Theory & History

The inspiring victory that buried Thatcher

By Sean Malone In 1987 Margret Thatcher had wielded the axe of austerity for almost a decade by drastically cutting social expenditure and privatising public services. Militant, forerunner to the Socialist Party, recognised that the poll tax was a generalised attack on working class and poor that could act like a lightning rod for united struggle against Thatcher’s-pro rich polices ...

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The Revolutionary Legacy of Malcolm X

By Eljeer Hawkins “The centerpiece of Malcolm’s political project was to internationalise the condition of Black peoples in the United States.”  Sohail Daulatzai, Black Star, Crescent Moon: The Muslim International and Black Freedom beyond America, p.36 This February marks the fiftieth anniversary of the public assassination of Malcolm X. In the shadow of the nationwide revolt against endemic police violence, ...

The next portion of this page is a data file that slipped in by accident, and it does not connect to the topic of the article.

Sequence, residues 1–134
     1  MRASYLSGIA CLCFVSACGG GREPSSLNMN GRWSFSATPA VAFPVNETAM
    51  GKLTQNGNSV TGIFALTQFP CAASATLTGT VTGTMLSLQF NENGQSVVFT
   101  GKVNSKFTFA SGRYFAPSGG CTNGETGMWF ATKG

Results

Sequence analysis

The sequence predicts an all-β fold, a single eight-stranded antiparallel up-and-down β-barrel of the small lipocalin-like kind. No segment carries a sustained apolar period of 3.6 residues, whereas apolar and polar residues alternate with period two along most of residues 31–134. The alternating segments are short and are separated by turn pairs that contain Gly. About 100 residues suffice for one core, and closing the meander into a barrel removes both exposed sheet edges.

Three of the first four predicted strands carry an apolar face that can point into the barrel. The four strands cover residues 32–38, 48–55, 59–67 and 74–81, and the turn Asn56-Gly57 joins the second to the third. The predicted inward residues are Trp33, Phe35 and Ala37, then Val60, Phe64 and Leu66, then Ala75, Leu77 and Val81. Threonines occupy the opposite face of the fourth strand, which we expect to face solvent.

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Socialism: the great anti-theft movement

By Cillian Gillespie In 1910, James Connolly wrote his celebrated pamphlet Socialism Made Easy. As well as playing a leading role in assisting working class people to organise for their basic rights, both he and Jim Larkin sought to popularise the ideas of socialism as an alternative to the rule of the bosses. The pamphlet sought to answer the criticisms ...

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Why capitalism must go

Last month something truly spectacular happened, writes Cillian Gillespie. More than ten years after it was launched by the European Space Agency, the Philae lander accompanied by the Rosetta spacecraft landed on a comet 310 million miles from Earth and subsequently sent back numerous images of its surface.

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Berlin Wall – 25 years since November 9

While, for millions, the 1989 opening of the Berlin Wall was rightly celebrated as a great victory for democratic rights, the official celebrations to mark its 25th anniversary have been dominated by anti-socialist propaganda.

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Fighting oppression – a Marxist viewpoint

Marxism is a philosophy and world view that seeks to materially analyse reality. Although it was not possible for Marx and Engels themselves to adequately address all questions of oppression, as well as other issues in their writings, they did specifically address women's oppression, racism linked to slavery and imperialism, and also the oppression of national groups, such as the Irish.

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